Help Your Missionaries Emotionally

This is the second “Guest Post” by Dave Lewis, of Paracletos Ministries, taken from his Blog.  In this series he’s dealing with how a local church can help their returning missionaries in practical ways.  Here are some excellent suggestions that take the emotional pressure off your Harvest workers on a visit back home!

Paracletos Blog

Ways to Help Returning Missionaries: Emotionally

Posted: 18 Jun 2014 03:59 AM PDT

Ways to Help Returning Missionaries: EmotionallyMissionaries are accustomed to juggling many relationships. Some are temporary, others are life-long. Family members, best friends, sending churches, fellow missionaries—there are many types and levels of relationship, and each demands emotional energy to maintain. As someone involved in missionary care, you want to be able to help.The people who left your church to go to the mission field are not the people who return. Likewise, you are not the same as when you said good-bye to them. Trying to discern the differences and navigate them successfully can be tricky and emotionally draining. Here are some ways in which you can take the edge off.

  • Provide them with the latest copy of your church directory.
  • Refresh your memory so you are sure to get their names right, as well as the name of their country, city/town/village, and people group.
  • Take a special interest in the children. Parents love it when their kids are acknowledged and accepted.
  • Give them time to get adjusted. Don’t expect them to arrive one day and plug into VBS the next.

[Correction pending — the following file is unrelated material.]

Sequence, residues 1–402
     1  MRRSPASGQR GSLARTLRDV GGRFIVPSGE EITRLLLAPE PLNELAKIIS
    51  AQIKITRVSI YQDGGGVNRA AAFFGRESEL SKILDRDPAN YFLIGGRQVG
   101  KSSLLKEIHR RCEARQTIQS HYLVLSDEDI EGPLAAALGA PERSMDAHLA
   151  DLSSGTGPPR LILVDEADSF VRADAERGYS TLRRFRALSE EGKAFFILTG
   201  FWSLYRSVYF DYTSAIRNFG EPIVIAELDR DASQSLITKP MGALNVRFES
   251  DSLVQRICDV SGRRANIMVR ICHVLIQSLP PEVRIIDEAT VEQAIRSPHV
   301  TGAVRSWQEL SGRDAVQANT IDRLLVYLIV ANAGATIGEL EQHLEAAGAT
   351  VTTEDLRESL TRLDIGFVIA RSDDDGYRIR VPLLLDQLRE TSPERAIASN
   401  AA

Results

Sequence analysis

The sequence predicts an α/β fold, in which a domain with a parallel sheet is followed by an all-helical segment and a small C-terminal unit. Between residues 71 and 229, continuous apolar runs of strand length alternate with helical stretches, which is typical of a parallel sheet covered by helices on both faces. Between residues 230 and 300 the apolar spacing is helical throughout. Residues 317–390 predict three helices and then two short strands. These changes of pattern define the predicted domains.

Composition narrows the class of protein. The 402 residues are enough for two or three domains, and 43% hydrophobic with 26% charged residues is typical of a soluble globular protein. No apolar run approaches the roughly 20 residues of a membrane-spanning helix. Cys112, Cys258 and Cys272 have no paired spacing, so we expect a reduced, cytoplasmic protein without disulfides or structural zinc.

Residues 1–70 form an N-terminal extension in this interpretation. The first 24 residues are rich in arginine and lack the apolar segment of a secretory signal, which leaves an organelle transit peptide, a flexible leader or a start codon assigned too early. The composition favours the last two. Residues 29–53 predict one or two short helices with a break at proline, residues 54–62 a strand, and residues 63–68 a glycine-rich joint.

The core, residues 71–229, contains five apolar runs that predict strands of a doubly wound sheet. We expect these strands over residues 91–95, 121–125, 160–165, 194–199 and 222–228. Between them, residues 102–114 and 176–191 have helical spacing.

• Allow them to determine their schedule and agenda as much as possible. Recommend that they punctuate speaking engagements and visits with personal and family time.
  • Provide them with a personal debriefing, either from a trained person in your church or from one of many organizations that offer it. They need a time and place to unpack their emotional suitcase, preferably before they get involved in speaking engagements and ministry presentations.
  • If things come up during the debriefing that indicate follow-up counseling would be wise, make sure they get it.
  • If you plan any gatherings, start with groups where they will already know most of the people present. You can introduce more new people later.
  • Try to pair MKs with children in their age group who can show them around, introduce them to people, invite them to group events, etc.
  • How well do you know these missionaries? Are they extroverts or introverts? That is, are they energized by being around people or by alone time? Everyone needs to operate out of their comfort zone from time to time. Just don’t push too hard in the opposite direction of their personalities.

Jet lag, trauma on the field, strained team relationships, difficult living conditions—there are many things that can take a toll on a missionary’s emotions. Be sensitive; listen thoughtfully. Feel free to add your thoughts here as well.

About Dave Grissen

David & Sheri Grissen spent 44 years in mission and humanitarian aid work. In 2003 they established Life Impact, a ministry of strengthening Christian workers in hosted centers, called Oases. Presently 12 Oases are functioning. In 2016 they started Fund The Ministry to help missionaries create new funding for their ministries. They have five married children and fifteen grandchildren.
This entry was posted in Case for Missionary Care, Thriving Emotionally, Thriving in Transition, Thriving on Home-Leave, Thriving Personally and tagged , , , , , , , , , , , , , , , , , , , , , . Bookmark the permalink.

Leave a Reply

Your email address will not be published. Required fields are marked *